Do you consider gold to be money? That was the question Representative Ron Paul, R-Texas, asked Federal Reserve Chairman Ben Bernanke, who replied after a long pause, "no."
Paul, a GOP presidential hopeful and known for his Libertarian views, has championed returning the U.S. to a gold standard, where the dollar's value is pegged to gold, which makes it hard for the government to print excess money and live beyond its means.
During testimony before House Financial Services Committee, Bernanke, who has spearheaded massive injections of money supply into the economy, told Paul he doesn't believe the precious metal is viewed as a currency.
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"The price of gold today is $1,580 the dollar during these last few years the dollar was devalued almost 50 percent. When you wake up in the morning, do you care about the price of gold? When you wake up in the morning, do you care about the price of gold?" Paul asked Bernanke in his testimony covered by media worldwide.
"Well, I pay attention to the price of gold but I think it reflects a lot of things. It reflects global uncertainties. The reason people hold gold is its protection against what we call tail risk ... they have gold as a protection," Bernanke responded.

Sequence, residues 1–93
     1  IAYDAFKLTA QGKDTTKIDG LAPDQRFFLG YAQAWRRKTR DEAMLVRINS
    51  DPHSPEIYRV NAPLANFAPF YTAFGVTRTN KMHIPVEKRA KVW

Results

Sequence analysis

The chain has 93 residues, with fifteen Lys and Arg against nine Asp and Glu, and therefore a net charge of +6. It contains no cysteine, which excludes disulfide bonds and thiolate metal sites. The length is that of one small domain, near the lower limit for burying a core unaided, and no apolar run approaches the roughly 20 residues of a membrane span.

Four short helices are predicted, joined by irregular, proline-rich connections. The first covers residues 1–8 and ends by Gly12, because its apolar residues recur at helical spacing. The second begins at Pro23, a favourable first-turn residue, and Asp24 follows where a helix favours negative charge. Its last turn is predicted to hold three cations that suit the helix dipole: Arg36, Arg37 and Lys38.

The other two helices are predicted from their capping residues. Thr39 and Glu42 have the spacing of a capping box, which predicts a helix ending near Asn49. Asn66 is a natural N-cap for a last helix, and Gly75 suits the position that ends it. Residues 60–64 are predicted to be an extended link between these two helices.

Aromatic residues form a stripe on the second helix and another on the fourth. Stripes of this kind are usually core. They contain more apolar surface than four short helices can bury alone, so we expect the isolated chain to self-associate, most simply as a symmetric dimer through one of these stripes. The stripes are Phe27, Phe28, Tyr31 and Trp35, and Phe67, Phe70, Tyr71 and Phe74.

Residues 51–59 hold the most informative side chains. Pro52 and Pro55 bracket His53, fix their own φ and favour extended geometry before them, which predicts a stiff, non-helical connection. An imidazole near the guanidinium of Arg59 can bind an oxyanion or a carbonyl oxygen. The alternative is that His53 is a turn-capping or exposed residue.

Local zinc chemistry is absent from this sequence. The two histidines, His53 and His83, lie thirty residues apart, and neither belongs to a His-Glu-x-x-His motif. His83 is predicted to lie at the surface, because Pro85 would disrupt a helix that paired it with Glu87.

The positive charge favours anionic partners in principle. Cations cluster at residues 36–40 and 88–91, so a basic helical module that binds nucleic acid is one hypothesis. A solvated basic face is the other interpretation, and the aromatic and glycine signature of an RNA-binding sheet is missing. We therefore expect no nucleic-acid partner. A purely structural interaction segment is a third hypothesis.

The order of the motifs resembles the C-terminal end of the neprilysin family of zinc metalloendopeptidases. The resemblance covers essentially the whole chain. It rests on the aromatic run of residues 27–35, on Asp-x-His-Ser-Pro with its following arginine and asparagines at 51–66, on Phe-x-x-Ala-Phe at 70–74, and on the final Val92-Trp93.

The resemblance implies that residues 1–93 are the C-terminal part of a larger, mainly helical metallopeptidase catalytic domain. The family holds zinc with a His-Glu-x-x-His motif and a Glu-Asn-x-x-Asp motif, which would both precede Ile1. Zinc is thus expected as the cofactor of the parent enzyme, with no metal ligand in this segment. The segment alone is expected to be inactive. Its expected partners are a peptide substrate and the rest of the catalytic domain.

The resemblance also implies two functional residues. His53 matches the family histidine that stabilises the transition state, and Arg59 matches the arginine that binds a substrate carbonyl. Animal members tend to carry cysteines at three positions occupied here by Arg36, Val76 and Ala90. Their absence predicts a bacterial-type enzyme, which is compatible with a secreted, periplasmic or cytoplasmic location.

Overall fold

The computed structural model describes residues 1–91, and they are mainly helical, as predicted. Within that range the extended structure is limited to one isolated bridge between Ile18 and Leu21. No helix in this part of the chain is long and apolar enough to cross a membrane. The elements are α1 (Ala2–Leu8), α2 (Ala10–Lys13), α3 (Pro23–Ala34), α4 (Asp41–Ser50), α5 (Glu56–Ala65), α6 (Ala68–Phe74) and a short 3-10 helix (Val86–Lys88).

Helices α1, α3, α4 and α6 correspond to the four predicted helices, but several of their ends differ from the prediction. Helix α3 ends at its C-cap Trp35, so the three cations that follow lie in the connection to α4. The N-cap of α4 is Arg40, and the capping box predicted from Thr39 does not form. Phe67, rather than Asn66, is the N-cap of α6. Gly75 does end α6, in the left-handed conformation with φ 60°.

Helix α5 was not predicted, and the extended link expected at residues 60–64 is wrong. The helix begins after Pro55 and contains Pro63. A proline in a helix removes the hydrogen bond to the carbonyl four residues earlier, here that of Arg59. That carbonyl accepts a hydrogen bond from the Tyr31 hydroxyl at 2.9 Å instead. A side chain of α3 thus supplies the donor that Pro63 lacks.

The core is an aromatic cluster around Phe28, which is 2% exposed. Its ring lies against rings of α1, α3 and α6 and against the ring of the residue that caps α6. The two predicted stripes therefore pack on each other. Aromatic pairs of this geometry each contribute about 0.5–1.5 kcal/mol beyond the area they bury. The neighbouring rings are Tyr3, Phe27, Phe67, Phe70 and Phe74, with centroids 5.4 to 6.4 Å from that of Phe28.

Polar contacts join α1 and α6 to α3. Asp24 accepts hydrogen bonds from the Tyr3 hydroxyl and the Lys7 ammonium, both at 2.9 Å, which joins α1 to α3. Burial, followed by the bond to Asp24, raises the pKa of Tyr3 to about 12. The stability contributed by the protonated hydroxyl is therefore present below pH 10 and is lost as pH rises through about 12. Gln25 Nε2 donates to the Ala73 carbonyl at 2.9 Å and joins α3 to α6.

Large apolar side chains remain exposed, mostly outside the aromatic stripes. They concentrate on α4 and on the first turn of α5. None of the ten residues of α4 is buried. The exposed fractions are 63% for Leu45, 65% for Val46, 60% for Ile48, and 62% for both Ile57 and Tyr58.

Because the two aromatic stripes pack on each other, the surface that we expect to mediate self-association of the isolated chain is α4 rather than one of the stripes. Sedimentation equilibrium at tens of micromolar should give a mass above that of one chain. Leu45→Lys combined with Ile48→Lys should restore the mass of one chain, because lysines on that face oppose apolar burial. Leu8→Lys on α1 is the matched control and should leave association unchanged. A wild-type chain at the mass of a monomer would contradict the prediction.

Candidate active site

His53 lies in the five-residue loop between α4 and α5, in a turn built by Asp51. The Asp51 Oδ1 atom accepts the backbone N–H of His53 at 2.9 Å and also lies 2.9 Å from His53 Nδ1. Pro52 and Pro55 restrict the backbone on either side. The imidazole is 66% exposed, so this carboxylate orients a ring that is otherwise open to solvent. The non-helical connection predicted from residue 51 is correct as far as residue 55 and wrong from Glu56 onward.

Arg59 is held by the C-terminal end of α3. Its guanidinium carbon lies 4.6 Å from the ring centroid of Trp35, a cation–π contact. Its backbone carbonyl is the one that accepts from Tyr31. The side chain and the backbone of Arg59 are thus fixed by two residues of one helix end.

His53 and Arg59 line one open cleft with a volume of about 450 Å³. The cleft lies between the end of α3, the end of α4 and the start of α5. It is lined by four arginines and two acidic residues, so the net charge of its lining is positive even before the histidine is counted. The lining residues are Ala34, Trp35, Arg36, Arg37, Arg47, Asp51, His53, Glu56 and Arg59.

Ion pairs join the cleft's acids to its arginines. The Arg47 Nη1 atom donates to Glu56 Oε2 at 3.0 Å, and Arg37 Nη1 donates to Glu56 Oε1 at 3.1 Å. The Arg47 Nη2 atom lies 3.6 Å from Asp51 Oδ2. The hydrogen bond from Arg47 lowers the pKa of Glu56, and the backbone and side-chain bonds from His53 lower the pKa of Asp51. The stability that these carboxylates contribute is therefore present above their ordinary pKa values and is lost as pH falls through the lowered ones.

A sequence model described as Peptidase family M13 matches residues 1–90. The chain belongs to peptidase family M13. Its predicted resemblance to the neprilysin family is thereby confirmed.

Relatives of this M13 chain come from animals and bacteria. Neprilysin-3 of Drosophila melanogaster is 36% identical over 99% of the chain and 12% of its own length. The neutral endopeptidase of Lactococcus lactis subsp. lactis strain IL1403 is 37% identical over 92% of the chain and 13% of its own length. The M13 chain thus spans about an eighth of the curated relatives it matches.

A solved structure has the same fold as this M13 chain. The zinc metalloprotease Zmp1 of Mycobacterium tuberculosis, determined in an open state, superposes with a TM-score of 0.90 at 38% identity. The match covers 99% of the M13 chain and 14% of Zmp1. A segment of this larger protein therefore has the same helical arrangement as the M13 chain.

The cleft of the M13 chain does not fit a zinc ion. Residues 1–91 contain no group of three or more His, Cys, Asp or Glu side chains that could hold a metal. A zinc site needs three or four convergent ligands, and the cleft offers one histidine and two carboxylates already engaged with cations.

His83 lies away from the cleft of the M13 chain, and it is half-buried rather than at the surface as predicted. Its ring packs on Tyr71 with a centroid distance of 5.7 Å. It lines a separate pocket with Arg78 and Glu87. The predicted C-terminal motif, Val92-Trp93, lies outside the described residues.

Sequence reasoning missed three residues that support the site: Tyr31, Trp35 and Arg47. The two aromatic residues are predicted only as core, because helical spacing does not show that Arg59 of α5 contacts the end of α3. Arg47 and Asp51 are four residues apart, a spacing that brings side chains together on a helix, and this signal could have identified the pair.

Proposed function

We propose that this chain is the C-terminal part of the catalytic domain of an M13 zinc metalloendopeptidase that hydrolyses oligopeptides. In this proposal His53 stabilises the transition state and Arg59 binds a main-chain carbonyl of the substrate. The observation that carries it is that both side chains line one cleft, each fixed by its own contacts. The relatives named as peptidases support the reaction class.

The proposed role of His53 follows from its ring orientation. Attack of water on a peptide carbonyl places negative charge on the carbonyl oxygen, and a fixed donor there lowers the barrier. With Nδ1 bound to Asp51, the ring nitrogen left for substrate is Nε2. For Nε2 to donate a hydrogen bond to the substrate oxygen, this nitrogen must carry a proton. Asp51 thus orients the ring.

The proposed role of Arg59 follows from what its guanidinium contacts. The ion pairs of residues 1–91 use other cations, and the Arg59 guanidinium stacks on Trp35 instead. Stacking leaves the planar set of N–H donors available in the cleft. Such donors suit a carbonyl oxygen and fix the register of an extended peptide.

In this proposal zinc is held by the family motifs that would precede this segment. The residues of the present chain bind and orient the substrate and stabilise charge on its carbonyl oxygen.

"Do you think gold is money?" Paul responded.
|Fed Chair Ben Bernanke
(Getty Images photo)
"No," Bernanke said after a long pause, adding "it's an asset. Would you say Treasury bills are money? I don't think they're money either."
"Why do Central Banks hold it?"
"It's a form of reserves."
"Why don't they hold diamonds?"
"It's a tradition, a long-term tradition."
"Some people think it's still money," Paul concluded.
Gold has become a popular asset amid fiscal and inflationary fears worldwide, most recently in light of fresh debt fears in the U.S., where the government has hit its $14.3 trillion debt limit.
Congress must approve lifting that limit, but Republicans and Democrats have been sparring over terms surrounding such a move.
"If the U.S. debt ceiling is not extended in time and the United States were to default even briefly, or if they had to find work-arounds to pay their short-term expenses, that has got to be positive for gold," says David Jollie, an analyst at Mitsui & Co Precious Metals, according to Reuters.
"But if they extend the debt ceiling without agreeing any cuts to expenditure or tax increases, you have to say that is inflationary, and therefore positive for gold as well."
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